Gap Year Advice
Is a gap year a good idea? The St Benedict's Careers Department invited 15 gap year providers and five representative speakers to make the case for it.
A bridge, not a gap
The first myth to be exploded was the idea of the year as a ‘gap’ or a ‘break’.
The Headmaster, Mr Johnson, made clear in his opening comments that the time away needs to add relevant skills and developmental experiences. A gap year should build maturity and convey a work ethic, acting as a bridge between what has been and what is following, rather than merely ‘time out’. Above all, this experience must be planned.
A developmental year, particularly for young people unsure of their course or higher education route, can also be a revelation. For two of the presenters, Michael Traboulsi from Project Trust and Dominica Debczak-Debski from Frontier, their project-based year between school and university inspired completely new career paths and courses: radio journalism for one, and marine conservation for the other.
Not every scheme is necessarily a whole year’s commitment. It takes as little as four weeks to qualify as an advanced Teacher of English as a Foreign Language (Tefl), a skill that enhances employability across South East Asia and China as well as in the UK. A 10 week course in Quebec trains participants to be Level 2 Ski instructors (Ski Le Gap) and this qualification can be used to find work in the summer in the antipodean ski season.
A chance to earn and learn
Employers and universities look very favourably on initiatives such as Year In Industry, where candidates for STEM subjects work to build insight into how their future course applies to the world of industry, while developing practical skills in teamwork, communication and project management to bring to their course studies.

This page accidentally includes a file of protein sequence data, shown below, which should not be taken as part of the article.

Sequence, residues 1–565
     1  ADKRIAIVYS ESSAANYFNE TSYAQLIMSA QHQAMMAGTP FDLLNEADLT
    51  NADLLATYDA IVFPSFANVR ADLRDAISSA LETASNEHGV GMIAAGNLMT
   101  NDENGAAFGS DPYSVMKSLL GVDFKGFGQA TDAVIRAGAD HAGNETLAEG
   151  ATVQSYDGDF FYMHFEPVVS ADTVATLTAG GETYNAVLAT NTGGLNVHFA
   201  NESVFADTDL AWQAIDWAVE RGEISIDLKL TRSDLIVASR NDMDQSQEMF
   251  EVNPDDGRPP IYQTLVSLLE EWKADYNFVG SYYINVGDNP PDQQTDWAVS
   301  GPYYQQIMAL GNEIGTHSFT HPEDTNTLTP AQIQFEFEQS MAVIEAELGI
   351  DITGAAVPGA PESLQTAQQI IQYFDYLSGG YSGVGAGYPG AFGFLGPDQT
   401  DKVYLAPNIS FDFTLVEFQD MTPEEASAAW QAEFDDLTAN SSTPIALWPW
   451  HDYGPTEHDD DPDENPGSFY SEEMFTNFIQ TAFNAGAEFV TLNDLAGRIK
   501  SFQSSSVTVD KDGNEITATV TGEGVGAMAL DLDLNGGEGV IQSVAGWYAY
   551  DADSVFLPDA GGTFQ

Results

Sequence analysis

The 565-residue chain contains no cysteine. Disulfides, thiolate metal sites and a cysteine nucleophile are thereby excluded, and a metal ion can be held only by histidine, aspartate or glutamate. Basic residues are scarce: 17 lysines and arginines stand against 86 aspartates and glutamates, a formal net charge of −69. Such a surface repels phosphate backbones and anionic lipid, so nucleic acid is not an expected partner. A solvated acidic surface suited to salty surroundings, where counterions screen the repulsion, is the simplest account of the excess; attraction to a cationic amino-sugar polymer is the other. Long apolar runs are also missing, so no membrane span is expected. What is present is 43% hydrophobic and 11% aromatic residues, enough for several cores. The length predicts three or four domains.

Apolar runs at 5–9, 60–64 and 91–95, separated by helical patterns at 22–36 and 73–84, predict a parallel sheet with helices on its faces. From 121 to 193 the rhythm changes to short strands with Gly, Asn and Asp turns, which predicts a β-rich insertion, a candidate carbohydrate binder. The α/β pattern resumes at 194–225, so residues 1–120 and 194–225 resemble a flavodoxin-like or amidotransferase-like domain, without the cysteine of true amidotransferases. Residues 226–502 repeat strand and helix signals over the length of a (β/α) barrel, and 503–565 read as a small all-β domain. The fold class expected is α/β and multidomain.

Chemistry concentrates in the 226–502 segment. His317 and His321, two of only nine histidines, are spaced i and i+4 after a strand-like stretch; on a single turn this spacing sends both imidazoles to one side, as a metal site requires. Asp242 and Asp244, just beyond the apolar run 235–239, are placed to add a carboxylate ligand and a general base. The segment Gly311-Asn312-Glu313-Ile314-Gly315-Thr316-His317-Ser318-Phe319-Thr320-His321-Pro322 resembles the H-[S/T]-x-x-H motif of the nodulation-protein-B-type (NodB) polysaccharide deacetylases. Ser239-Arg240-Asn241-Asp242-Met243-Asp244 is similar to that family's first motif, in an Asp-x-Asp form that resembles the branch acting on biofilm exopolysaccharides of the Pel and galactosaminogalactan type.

At St Benedict’s opportunities can be accessed through links with locally established businesses (two of whom were present on the night - Allied Irish Bank and Outsourced Events). On the evening we heard from three alumni (Old Priorians), all of whom are working locally on paid fixed term contracts between.
Over 130 parents and pupils attended: one member of the Upper 6th, Florence Byrne, had this to say:
“On the evening five of the visitors gave mini-presentations on the opportunities their companies provide. Project Trust is the longest running gap year provider at 50 years old and allows young adults the opportunity to travel and teach in Asia, Latin America and Africa. Old Priorians currently working with Allied Irish Bank spoke of their paid internships in a range of roles. Ski le Gap is a Canadian company allowing ex-students the opportunity to become ski instructors. The Year in Industry is an opportunity for future scientists to undertake a year’s paid work in a lab or company headquarters, contributing to their research. Frontier, the final speaker, is a marine conservation charity that offers 31 different volunteering opportunities for gap year students.
“All the speakers reiterated the Headmaster’s point about the value of the gap year and many stated that it had changed their lives, still impacting them in their careers and personal lives today. After the talks, we had the opportunity to speak with these and other providers, such as TEFL and Camp America, with individual questions about the experiences.
“Overall, the evening was informative about the options for those who have already planned to take a year out and for those who are yet to decide. It presented a gap year as, not just a last minute decision made on A level results day, but also as a highly valuable experience in its own right to plan and take seriously. “